It was a big weekend in Vancouver for the HSBC World Series Canada Sevens tournament.
So, what did we learn from the rugby in Vancouver?
1. Is there a coup in the offing?
The Blitzboks are beatable – but apparently only by a resurgent England.
South Africa has made every final in every round of the World Series to date and has done so with apparent ease.
This weekend in Vancouver however, seems to have revealed some cracks in the armour.They were pushed by the USA in the semi-final before being beaten in the final by the English.
The Brits hit a speed bump in Wellington and even Las Vegas to a certain extent, but were back in fine form in claiming a second series title won a second series title and second place in the Series standings above Fiji.
The question then begs, can the men of the Red Rose reel in the 23 point lead held by South Africa with just four rounds to play? Unlikely.
But it will be interesting to see how close they get and how the jockeying for the places below the top spot plays out.
2. Aussie potential on show
The Aussies got fans excited with a big Sydney Sevens but were dealt a reality check in Vegas and Vancouver.
While a sixth and a seventh placing over the past fortnight revealed elements to be revisited on the training track, it also revealed gems of talent in the form of the rookies Andy Friend has recruited.With the addition of returning experience, the team dynamic needs to adjust and recalibrate.
A top eight finish is the box to be ticked according to the coach’s key objective and that has been done in four of the six rounds.
The potential for top four finishes is certainly starting to emerge but it should be written on the coach’s whiteboard as a work in progress and patience needs to be exercised by those watching from the stands.
3. Era of the Next Gen
One key element to emerge out of Vancouver has been the new young players being tested by many of the teams and the subsequent talent on show.
Liam McNamara played a starring role in Australia’s defeat of Japan on Day One, showing his ability to find the try line.
This comes off the back of Tim Anstee performing well in Sydney and an outstanding three days in Las Vegas for Lachie Anderson - where he was ultimately named the tournament’s top try scorer.
Post-Olympics, these young men are among the next generation being blooded by Friend.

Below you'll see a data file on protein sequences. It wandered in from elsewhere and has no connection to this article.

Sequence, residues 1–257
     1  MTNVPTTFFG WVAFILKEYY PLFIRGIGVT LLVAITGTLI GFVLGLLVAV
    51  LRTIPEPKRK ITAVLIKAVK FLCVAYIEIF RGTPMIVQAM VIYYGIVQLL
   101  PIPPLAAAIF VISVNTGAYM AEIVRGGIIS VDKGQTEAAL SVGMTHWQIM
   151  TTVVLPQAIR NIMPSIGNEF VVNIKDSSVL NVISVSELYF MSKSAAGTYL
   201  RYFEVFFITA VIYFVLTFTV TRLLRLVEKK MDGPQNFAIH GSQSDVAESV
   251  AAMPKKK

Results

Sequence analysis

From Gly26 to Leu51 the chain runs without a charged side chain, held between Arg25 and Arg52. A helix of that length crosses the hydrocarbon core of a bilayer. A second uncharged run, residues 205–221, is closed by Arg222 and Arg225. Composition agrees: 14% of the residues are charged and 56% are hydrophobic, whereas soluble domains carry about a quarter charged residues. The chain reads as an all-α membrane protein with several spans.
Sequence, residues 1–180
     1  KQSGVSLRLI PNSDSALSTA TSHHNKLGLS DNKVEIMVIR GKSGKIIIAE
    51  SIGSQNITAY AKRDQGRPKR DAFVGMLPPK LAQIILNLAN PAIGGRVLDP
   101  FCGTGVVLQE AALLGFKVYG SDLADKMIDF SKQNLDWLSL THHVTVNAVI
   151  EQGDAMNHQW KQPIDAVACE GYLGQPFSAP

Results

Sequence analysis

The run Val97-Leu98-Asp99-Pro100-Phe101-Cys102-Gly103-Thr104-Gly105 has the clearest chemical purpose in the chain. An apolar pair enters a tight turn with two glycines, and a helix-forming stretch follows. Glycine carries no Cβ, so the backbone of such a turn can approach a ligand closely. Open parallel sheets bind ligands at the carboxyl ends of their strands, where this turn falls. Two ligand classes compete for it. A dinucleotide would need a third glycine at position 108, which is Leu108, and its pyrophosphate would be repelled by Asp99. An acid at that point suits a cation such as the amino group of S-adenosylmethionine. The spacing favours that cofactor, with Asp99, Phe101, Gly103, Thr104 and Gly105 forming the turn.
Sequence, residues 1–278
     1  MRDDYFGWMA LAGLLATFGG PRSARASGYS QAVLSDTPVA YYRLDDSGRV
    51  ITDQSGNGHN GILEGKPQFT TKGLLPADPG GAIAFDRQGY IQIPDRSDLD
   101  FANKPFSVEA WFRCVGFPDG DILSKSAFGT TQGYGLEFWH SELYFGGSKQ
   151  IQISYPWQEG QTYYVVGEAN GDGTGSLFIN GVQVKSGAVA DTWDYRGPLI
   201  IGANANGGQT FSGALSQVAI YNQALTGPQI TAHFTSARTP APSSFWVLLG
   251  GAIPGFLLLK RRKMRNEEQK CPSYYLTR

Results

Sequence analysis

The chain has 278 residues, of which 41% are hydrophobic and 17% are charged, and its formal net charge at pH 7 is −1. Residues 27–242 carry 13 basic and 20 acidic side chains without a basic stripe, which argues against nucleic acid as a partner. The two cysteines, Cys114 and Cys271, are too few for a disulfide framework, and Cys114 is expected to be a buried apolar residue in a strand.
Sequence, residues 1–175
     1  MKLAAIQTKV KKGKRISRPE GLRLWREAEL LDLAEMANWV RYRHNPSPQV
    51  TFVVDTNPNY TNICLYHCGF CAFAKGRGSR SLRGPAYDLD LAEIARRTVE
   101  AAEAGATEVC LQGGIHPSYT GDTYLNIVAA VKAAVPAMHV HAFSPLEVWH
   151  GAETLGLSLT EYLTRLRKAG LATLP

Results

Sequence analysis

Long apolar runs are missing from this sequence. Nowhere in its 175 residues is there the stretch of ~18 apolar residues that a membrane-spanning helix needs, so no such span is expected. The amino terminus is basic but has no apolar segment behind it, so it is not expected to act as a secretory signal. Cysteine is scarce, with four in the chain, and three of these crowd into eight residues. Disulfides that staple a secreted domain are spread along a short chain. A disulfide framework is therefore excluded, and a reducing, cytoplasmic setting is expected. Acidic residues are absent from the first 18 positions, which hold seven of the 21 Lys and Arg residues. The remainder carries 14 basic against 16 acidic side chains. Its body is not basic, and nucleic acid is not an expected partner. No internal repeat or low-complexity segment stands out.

The experts are also talking about players such as 19 year old Matias Osadczuk (ARG), 20 year old Alexandre Lagarde (FRA) and 18 year old Vilimoni Koroi (NZL).
All starred for their teams over the weekend, crossing the try line multiple times.
4. Canada 7s
In just its second year, the Canada Sevens tournament hosted in Vancouver has been a big success for organisers.
In excess of 75,000 people attended BC Stadium over the two day tournament and the event is now being compared to Hong Kong, Sydney and Dubai for crowd support and organisational effectiveness.
5. Chile proved its core value
By the end of the Canada Sevens weekend, 16th team Chile had impressed both opposition teams and fans alike with some coaches saying it was the best 16th team they had come up against this season.
The invitational teams which make up the full list at each tournament are regional teams that have earned the right to run around with ‘the big boys’ for two rounds on the World Series – providing invaluable top level experience.
Despite finishing Day One without a win – not uncommon for the 16th team – Chile pushed Kenya, leading 19-0 at half time before going down by seven points.
They bounced back to defeat Russia, two tries to nil, in the Trophy quarter final on Day Two, before going down to Wales, the eventual Trophy winner, in the semi by nine points having lead at half time.
The Vancouver competition has been invaluable experience for Chile, who will now head to Hong Kong to compete in the Men’s Qualifying tournament for the right to be a permanent member of the core list for the 2017/2018 Series.